Live and Let Fly
Air travel is finally poised to recover its pre-Covid passenger numbers, but environmental groups want to slow down the industry.
Aviation is ready to recover from the pandemic. The U.S. Travel Association expects that, in 2023, domestic air trips will match those from 2019, and that, in 2024, they will eclipse the 2019 figure by 10 percent. Internationally, S&P Global finds that China’s December reversal of its Zero Covid policy has already brought a rapid turnaround, as air travel outpaces its pre-pandemic rate. The International Air Travel Association anticipates that the airline industry will turn a profit this year for the first time since before the coronavirus. And in a sign of longer-term optimism, Tata Group, which owns Air India, is now believed to have more than 500 new aircraft on order.
But just as people across the globe are preparing for takeoff, environmental pressure groups are working to keep them grounded. On January 20, the Sierra Club, the Center for Biological Diversity, and Friends of the Earth filed a joint lawsuit in the U.S. Court of Appeals against the Environmental Protection Agency, alleging that the EPA is abetting pollution from airplanes through lax regulation. The suit comes in the wake of EPA rulemakings in 2021 and 2022 that bring the United States into compliance with standards adopted by the International Civil Aviation Organization, a U.N. body. While the subject matter of the most recent EPA airplane rules, and the lawsuit filed against the agency, is local air pollution, the same legacy environmental groups filed suit against 2021 rules to reduce greenhouse gas emissions as well, arguing that the limits don’t go far enough.
The unremitting opposition these environmentalists show toward air travel betrays an ugly truth: they want all of us to stay grounded. Indeed, in 2018, former Sierra Club president Carl Pope admitted as much, lamenting in the New York Times that supersonic aircraft could soon usher in an era of greater human mobility. This troubling proclivity is not limited to North America. In a Journal of Sustainable Tourism article last year, Europeans Milena Büchs and Giulio Mattioli wrote that in order to slow climate change, “policies to reduce air travel demand, including in the tourism sector, are urgently required.”
The obvious problem for the anti-travel environmentalists is that people across the world—rich, poor, or otherwise—enjoy taking to the skies and want to do more of it. From a global perspective, air travel signifies an ascent to a higher standard of living. While most American adults have flown on an airplane at some point in their lives, in 2017 Boeing estimated that fewer than 20 percent of people globally had done so. A 2020 paper by European researchers on aviation’s implications for climate change similarly found that in the 2018 calendar year, just 11 percent of human beings flew, and that the average flier did so just once every 24 months.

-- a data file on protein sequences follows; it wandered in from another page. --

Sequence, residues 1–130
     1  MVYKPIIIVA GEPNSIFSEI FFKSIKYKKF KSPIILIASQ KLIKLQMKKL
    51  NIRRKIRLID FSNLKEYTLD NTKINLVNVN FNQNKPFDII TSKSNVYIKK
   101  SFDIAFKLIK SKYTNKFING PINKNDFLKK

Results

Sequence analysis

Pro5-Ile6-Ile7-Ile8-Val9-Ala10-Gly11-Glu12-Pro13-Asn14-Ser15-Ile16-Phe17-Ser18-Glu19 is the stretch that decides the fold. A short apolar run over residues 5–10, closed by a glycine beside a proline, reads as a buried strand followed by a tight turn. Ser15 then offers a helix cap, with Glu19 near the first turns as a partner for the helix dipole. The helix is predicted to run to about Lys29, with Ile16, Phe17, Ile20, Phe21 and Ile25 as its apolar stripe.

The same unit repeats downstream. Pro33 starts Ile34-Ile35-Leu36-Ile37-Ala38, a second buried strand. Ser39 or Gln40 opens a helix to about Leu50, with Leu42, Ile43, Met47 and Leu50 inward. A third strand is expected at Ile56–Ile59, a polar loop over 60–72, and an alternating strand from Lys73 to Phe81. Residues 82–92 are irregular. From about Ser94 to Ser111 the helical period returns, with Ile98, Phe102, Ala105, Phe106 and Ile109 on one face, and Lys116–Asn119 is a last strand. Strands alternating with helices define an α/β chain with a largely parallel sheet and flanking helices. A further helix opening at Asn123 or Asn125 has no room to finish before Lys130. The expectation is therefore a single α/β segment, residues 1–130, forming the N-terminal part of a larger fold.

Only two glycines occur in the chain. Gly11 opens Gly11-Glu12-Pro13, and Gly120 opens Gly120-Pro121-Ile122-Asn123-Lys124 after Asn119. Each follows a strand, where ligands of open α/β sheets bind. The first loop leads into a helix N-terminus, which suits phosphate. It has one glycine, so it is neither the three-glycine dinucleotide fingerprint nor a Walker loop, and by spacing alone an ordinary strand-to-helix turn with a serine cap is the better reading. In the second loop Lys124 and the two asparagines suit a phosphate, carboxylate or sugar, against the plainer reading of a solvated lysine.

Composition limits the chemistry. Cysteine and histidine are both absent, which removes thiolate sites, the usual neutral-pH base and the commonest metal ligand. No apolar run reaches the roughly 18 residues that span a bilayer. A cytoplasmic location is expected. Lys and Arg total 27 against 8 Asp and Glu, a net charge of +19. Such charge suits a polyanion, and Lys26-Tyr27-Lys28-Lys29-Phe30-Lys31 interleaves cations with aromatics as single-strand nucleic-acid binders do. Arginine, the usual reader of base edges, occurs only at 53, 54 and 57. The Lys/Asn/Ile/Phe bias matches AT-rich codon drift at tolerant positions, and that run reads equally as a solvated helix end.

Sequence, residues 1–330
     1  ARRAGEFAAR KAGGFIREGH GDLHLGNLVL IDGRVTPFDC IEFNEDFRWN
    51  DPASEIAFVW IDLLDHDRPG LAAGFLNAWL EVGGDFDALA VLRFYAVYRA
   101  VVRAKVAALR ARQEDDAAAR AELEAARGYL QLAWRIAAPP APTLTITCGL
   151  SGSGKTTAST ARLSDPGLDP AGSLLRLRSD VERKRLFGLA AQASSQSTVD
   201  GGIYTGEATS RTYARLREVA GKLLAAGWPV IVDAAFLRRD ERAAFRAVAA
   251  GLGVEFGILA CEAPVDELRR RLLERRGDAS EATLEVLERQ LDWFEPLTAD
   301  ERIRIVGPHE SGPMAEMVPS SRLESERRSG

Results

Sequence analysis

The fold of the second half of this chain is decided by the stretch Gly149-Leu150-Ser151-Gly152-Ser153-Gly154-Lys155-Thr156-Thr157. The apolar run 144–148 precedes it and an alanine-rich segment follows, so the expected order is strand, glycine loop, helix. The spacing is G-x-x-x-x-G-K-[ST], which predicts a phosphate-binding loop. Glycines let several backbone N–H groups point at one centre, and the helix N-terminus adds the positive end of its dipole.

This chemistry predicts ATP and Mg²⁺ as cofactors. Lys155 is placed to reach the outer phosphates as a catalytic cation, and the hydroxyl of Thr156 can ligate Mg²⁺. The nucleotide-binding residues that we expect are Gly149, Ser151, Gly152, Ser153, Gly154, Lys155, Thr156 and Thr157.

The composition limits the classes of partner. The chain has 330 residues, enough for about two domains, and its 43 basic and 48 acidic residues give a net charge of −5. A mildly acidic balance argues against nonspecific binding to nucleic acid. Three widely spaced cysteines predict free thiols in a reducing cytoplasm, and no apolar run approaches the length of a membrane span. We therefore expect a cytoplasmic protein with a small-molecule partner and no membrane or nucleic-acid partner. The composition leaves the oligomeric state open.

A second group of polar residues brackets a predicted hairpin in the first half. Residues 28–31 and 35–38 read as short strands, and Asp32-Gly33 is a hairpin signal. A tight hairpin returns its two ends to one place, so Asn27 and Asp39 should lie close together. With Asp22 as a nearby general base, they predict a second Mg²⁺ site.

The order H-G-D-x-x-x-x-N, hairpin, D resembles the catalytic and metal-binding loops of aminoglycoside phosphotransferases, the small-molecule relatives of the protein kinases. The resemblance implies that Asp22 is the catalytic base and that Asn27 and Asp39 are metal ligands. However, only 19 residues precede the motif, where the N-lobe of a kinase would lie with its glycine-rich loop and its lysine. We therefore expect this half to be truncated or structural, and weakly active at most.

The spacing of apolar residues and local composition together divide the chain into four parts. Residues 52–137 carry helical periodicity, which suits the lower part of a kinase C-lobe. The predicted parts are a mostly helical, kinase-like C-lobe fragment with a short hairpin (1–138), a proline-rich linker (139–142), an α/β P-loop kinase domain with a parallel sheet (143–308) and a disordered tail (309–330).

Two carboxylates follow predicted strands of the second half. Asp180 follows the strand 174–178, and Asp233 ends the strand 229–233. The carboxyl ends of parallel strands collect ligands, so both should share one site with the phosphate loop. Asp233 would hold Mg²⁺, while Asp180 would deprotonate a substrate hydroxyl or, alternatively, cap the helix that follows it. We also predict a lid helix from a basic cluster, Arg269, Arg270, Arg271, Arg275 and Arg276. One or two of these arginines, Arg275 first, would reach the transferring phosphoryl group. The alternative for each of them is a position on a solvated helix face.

But economic development is delivering the opportunity to more people with each passing year. Since 2000, the number of air passengers has mushroomed as global incomes have risen. According to World Bank statistics, about 1.7 billion passengers (flyers are counted each time they take to the sky) boarded commercial planes in 2000; in 2019, the last year before the pandemic broke the trend, more than 4.5 billion passengers were recorded. Before Covid dashed plans, Boeing forecast that the number of first-time flyers in Asia alone would grow on an annual basis by 100 million people.
To tamp down this growth in human mobility, the Sierra Club argues that “flying will have to get more expensive” through new taxes on fuel, new charges at airports, and a generalized restriction on supply. The anti-travelers often frame their arguments in terms of “environmental justice,” arguing that air travel is a luxury. If their preferences continue to shape global public policy, it will remain that way, precluding air travel entirely for the 80 percent of human beings who have yet to fly. Few might object to policy shaving off the marginal jaunt from a business executive’s itinerary, but what if that same policy keeps a middle-class American family from visiting grandma, or defers travel for a young Indonesian who wants to see the wider world?
If we opt to reduce aviation emissions by levying new taxes, in the outright form or through cloaked global standards, it will come at the expense of human exploration, connection, and fulfilment, pulling away the jet bridge just as the global middle class is approaching the cabin door. The pandemic erected a yearslong travel hurdle. Policymakers shouldn’t create another.
Photo by Soeren Stache/picture alliance via Getty Images
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